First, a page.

Sony has revealed its second-generation attempt at kickstarting a smartwatch market: a $200 Android-powered wrist-computer.
The 1.6-inch Smartwatch 2 is a revision of Sony's first model, which went on sale six years ago to a less than enthusiastic response. The watch is slaved via Bluetooth 3.0 or NFC to a phone and tablet running Android 4.0 and vibrates on the wrist when new information is uploaded.
“The average smartphone user reaches for their device more than 100 times per day to check text messages, read emails and social network notifications and, of course, to check the time,” said Ravi Nookala, US president of Sony Mobile in a statement.
“SmartWatch 2 makes these core tasks easier, and does much more with apps available, for everything from productivity to fitness and games.”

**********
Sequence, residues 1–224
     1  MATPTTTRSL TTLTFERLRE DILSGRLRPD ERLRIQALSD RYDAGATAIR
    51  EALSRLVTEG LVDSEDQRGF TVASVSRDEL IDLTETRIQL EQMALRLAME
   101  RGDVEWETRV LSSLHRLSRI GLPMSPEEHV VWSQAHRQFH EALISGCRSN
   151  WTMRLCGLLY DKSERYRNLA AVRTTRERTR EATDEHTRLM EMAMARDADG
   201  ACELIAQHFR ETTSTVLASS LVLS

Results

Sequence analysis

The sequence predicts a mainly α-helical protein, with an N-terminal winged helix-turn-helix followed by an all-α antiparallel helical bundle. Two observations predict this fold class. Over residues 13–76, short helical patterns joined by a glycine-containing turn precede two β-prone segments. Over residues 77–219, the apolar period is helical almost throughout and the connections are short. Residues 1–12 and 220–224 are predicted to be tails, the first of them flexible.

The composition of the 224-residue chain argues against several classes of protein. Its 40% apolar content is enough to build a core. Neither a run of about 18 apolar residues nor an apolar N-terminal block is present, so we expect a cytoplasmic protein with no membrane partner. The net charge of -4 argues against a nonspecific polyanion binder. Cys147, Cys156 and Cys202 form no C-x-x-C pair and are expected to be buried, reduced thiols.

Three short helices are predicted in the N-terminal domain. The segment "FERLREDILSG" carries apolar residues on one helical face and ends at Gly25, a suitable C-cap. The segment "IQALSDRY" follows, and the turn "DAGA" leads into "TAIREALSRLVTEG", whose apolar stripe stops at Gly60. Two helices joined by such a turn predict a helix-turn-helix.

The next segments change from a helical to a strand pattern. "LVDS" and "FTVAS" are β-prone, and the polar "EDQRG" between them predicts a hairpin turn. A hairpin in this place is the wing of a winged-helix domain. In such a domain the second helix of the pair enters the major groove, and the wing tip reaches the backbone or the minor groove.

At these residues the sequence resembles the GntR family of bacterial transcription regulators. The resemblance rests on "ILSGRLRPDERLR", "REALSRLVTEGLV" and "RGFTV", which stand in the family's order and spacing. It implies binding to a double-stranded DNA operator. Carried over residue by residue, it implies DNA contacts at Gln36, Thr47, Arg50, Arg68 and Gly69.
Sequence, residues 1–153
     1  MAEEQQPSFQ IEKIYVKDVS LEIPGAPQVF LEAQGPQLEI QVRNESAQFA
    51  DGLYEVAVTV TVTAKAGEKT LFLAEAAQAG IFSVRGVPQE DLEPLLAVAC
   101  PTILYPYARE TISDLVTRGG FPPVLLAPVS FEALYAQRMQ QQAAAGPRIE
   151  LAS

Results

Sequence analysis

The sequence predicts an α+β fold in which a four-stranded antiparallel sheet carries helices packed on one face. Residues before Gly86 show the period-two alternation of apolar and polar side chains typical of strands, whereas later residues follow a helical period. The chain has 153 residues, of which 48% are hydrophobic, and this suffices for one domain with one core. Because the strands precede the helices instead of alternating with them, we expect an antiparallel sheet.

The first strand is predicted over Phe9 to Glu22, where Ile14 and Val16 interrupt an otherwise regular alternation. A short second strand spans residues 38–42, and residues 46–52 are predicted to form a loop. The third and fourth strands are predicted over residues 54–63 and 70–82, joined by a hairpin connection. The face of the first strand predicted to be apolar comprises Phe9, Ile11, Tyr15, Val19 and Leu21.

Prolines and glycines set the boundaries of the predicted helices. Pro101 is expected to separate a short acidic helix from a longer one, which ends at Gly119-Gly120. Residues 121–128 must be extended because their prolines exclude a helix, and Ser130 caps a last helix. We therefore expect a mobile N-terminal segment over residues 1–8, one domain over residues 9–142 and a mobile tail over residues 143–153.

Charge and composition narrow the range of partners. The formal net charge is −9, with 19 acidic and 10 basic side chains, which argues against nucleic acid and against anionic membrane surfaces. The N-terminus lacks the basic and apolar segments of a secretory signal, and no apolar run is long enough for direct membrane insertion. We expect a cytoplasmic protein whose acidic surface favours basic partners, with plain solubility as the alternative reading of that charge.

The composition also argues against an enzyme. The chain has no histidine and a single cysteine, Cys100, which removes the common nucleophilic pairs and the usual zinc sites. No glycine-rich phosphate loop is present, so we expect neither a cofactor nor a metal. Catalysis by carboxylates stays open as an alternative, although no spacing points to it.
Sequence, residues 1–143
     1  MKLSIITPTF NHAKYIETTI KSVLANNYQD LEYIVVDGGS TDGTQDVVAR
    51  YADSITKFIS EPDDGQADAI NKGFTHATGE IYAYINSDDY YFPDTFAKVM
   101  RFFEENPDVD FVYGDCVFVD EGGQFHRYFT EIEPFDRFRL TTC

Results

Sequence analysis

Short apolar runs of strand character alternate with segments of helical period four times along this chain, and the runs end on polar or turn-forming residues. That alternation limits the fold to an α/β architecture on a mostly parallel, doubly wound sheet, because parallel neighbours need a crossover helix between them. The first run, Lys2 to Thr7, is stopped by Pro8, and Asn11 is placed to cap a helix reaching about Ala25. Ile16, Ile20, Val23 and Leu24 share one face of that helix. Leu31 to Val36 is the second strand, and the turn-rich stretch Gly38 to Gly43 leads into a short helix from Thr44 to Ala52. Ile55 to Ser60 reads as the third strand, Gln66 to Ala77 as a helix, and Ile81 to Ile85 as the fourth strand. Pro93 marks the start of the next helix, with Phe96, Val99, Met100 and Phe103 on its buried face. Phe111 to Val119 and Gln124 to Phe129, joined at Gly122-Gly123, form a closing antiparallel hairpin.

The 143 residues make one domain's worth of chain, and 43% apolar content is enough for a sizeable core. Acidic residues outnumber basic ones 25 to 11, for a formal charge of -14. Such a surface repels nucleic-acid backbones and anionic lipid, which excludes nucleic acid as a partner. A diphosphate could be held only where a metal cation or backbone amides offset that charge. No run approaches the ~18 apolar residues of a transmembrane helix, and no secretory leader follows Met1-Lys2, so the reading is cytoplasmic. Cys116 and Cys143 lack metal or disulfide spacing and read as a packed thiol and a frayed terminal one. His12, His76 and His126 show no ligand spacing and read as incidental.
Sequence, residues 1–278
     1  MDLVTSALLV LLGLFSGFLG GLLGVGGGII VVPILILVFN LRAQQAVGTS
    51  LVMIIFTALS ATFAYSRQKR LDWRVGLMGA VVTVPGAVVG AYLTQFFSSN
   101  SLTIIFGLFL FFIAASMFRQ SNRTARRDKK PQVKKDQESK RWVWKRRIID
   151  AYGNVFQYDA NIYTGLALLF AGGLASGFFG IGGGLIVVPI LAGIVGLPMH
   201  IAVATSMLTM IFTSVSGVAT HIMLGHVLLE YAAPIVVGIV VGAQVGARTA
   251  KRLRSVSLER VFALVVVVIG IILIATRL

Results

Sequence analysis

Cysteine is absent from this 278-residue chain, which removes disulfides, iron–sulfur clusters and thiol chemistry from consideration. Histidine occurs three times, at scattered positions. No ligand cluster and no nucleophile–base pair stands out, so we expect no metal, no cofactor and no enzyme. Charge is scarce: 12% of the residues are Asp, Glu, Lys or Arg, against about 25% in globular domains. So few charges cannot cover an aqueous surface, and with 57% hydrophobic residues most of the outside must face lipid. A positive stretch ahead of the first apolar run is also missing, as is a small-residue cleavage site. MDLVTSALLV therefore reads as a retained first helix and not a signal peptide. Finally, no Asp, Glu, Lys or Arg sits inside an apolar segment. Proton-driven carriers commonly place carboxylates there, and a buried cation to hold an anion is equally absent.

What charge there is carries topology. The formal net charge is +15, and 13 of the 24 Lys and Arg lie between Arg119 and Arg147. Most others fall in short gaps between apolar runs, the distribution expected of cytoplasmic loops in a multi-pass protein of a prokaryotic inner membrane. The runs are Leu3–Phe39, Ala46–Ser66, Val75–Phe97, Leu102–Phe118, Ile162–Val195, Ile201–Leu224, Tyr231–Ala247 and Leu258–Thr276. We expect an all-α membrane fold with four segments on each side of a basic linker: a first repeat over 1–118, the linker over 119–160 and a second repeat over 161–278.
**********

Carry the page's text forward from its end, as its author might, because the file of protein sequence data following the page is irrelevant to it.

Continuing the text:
It has been six years since Sony made a foray into the smartwatch market and the results have been less than stellar. But Sony is no-doubt hoping that the new device will benefit from the growing wrist-wars hype, in part started by Pebble's moderately successful timepiece that was funded in part by a Kickstarter project.
Since then Samsung, Motorola and Qualcomm have shown off their own smartwatches – but the rumor mill is going overtime on bigger names trying their hand at wrist-watch computing. Apple is the biggest fish, and has trademarked the name iWatch (although this may be a spoiling tactic), but Google, Microsoft and even Dell and Nissan have all hinted that they are going to offer up similar hardware.
One analyst house has predicted that next year manufacturers will shift five million smartwatches (a claim El Reg is highly skeptical of) and there have been a host of smaller companies putting out their own wrist gadgets. But the problems of small screen size, poor battery life, and a lack of apps, seem to be putting off consumers.
In Sony's case, the little computer has a 220-by-176 pixel color display screen that we're told can be viewed in direct sunlight, a claimed battery life of three to four days, and 137 applications in the Google Play store. That might be enough to tempt some consumers, but somehow El Reg doubts customers will be flocking to the stores. ®